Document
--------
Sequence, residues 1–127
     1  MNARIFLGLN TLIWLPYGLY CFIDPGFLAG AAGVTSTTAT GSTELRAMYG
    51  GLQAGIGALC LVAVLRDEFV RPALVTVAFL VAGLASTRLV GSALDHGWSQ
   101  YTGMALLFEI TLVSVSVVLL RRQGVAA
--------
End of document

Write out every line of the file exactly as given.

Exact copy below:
Sequence, residues 1–127
     1  MNARIFLGLN TLIWLPYGLY CFIDPGFLAG AAGVTSTTAT GSTELRAMYG
    51  GLQAGIGALC LVAVLRDEFV RPALVTVAFL VAGLASTRLV GSALDHGWSQ
   101  YTGMALLFEI TLVSVSVVLL RRQGVAA